Citizens Work to Protect Clean Air in Wyoming
Pollution from the Jim Bridger Power Plant can be reduced
by Tom Bell, Wyoming Outdoor Council (Letter to the Editor)
March 10, 2007
The Jim Bridger Power Plant, viewed from a small plane over the desert, is pretty imposing. The four towering smokestacks and accompanying electricity generating units make it one of the largest industrial sites in Wyoming. And, unfortunately, it has been found to be one of the worst air polluters in the West. In late February the Wyoming Outdoor Council and the Sierra Club filed a federal lawsuit to stop violations of air pollution limits in Jim Bridger’s air quality permit.
Jim Bridger is owned by PacifiCorp and Idaho Power. The plant is located about 25 miles east of Rock Springs, north of Interstate 80.
According to PacifiCorp’s own monitoring data submitted to the Wyoming Department of Environmental Quality (DEQ), emissions from Jim Bridger exceeded permit limits for opacity thousands of times in the last five years. Opacity is a measure of the density of pollution being released and is an indication of the amount of breathable particles, colored gases, and other light-reflecting and absorbing chemicals in the plant’s emissions. These pollutants can cause serious human health problems, can be harmful to wildlife, and can contribute to local and regional haze.
A recent study by the Environmental Integrity Project accords the Jim Bridger Plant the dubious distinction of being one of the most polluting power plants in the United States. PacifiCorp’s 2005 operating permit says that the four units released 41,000 tons of nitrogen oxides, 27,000 tons of sulfur dioxide, and 14,000 tons of breathable particulate matter. That same year, PacifiCorp reported to the U.S. Environmental Protection Agency (EPA) that Jim Bridger emitted over 16,000,000 tons of carbon dioxide into southern Wyoming skies, making it the 20th largest source of carbon dioxide emissions from U.S. power plants.
In 2004 PacifiCorp reported to the EPA that Jim Bridger annually emitted over 140 tons of hazardous air pollutants, including 60 tons of hydrogen fluoride, 50 tons of sulfuric acid, and 34 tons of hydrochloric acid. Additionally, the plant emitted 440 pounds of mercury, which can be toxic to the respiratory, nervous, and reproductive systems in humans, and can especially harm fetuses and children.
The federal Clean Air Act requires major sources of air pollution like Jim Bridger to obtain an operating permit from the DEQ. The operating permit spells out unambiguous emission limits and monitoring requirements. Emission monitoring information is available to the public and under the “citizen suit” provision of the Clean Air Act, citizens may take legal action to stop violations of air pollution limits shown by the emission monitoring data, including opacity limits. It is against this backdrop that this lawsuit was brought by the Wyoming Outdoor Council and the Sierra Club.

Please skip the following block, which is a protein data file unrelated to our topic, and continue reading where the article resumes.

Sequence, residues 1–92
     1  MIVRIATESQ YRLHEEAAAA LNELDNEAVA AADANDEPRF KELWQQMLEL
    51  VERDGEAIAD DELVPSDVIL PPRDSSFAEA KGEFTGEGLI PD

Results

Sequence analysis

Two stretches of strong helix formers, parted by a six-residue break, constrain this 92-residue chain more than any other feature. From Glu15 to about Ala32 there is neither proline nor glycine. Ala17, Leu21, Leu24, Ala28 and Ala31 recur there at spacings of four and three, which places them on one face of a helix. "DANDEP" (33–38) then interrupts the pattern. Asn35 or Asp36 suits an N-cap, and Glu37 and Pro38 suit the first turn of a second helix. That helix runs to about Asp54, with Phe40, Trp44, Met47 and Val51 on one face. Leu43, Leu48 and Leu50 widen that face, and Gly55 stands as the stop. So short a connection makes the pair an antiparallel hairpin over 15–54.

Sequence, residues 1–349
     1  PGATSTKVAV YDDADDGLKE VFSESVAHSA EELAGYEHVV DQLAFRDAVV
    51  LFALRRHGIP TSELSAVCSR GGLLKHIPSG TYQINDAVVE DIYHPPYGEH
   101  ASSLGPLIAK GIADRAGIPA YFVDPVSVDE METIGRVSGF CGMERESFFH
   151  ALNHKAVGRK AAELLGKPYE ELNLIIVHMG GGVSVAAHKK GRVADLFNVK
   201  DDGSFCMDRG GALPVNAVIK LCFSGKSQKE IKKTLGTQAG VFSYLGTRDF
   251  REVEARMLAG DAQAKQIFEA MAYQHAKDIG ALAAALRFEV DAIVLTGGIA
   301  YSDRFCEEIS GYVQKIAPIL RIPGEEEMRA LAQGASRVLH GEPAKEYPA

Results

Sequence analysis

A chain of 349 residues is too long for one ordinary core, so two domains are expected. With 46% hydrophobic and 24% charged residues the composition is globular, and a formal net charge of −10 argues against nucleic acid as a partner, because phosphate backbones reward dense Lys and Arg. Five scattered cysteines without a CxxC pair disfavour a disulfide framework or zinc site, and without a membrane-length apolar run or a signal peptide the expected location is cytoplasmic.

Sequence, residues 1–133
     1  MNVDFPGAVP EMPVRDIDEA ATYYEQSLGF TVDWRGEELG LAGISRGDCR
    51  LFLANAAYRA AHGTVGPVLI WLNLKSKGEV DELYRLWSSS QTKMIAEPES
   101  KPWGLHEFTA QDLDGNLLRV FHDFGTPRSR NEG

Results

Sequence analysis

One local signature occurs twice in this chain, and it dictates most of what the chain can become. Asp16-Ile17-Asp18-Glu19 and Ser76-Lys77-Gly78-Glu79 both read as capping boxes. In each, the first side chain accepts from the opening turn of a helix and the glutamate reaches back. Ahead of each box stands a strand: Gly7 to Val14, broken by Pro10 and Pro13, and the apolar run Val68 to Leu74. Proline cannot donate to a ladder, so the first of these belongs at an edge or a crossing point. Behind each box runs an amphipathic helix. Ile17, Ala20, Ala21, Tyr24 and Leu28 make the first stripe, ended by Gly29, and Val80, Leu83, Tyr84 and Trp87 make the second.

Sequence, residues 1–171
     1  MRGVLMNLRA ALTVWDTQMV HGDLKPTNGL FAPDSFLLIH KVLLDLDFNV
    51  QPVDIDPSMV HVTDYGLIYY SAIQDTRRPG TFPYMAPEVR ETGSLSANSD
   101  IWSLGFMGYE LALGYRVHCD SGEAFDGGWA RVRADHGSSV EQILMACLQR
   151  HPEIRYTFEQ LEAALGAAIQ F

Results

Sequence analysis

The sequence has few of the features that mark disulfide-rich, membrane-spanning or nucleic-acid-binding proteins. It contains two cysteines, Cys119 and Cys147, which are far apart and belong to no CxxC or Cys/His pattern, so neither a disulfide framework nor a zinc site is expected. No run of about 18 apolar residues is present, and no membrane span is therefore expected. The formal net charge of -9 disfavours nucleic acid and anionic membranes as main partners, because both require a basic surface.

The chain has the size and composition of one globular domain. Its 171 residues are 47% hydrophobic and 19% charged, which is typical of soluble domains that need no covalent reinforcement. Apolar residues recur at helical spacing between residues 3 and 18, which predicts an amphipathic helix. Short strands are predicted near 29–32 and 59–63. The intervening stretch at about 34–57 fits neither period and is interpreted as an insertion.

The Wyoming Outdoor Council first submitted comments to the DEQ in February 1998 that pointed out the absence of opacity monitors at three Jim Bridger units was in violation of the Clean Air Act. In response to our concerns, in November 2000 the EPA required opacity monitors at the three Jim Bridger units. Opacity monitors were installed in 2001 and they immediately began showing violations. Over the past five years, thousands of violations have been recorded by Jim Bridger’s opacity monitors.
PacifiCorp Energy President Bill Fehrman claimed in a press release on February 21 that the Wyoming Outdoor Council/Sierra Club lawsuit “has no merit and does not involve a risk to the health and welfare of the citizens of Wyoming.” This statement is not only cavalier but untrue in light of established environmental law and health science. The opacity violations reported to DEQ are shown by PacifiCorp’s own monitors, and opacity is regulated to protect public health.
PacifiCorp’s news release also claimed it has plans to spend millions of dollars to upgrade pollution control equipment at Jim Bridger. While we applaud these efforts, we also believe they won’t fix the opacity violations.
What’s a possible solution? Baghouses have been retrofitted on many western power plants and have been shown to be an excellent method for minimizing the opacity of emissions, thereby achieving compliance with the Clean Air Act, protecting the health of citizens, and reducing pollution haze in the air. It’s interesting to note that PacifiCorp has proposed baghouses for its Hunter and Huntington Power Plants in Utah, yet so far has not proposed the same upgrade at Jim Bridger.
The Wyoming Outdoor Council and the Sierra Club entered into the lawsuit only after good-faith negotiations with PacifiCorp broke down in February. The two groups are seeking full and prompt compliance with the current opacity provisions in the Jim Bridger operating permit, and penalties payable to the federal government for past opacity violations. It’s that simple. Wyoming citizens deserve the best air quality protections available.
Tom Bell founded the Wyoming Outdoor Council and High Country News. He is a member of the Wyoming Outdoor Council and the Sierra Club. In 2006 he was inducted into the Wyoming Outdoor Hall of Fame.
PacifiCorp critical of litigation by Greenie groups by PacifiCorp (Pinedale Online, February 21, 2007)